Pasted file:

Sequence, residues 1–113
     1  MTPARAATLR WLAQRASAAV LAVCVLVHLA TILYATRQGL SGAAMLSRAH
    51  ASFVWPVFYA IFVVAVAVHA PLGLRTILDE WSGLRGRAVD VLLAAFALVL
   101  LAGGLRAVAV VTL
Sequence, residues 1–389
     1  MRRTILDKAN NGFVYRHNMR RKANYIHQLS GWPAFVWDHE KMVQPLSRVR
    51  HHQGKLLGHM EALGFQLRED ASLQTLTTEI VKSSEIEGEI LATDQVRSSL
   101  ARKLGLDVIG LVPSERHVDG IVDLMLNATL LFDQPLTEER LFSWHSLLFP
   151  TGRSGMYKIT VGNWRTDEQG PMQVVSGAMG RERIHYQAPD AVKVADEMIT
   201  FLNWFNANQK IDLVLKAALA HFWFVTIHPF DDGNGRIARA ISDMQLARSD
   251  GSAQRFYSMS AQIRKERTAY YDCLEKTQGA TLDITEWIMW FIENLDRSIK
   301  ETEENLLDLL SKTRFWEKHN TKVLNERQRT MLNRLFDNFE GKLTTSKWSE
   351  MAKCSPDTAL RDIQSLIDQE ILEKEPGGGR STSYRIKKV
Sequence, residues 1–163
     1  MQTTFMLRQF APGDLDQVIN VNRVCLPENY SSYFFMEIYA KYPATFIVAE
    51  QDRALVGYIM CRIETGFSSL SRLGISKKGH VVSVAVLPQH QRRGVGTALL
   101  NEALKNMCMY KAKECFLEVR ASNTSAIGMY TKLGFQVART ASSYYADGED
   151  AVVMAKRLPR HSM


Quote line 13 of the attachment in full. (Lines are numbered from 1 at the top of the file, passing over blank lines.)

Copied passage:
   351  MAKCSPDTAL RDIQSLIDQE ILEKEPGGGR STSYRIKKV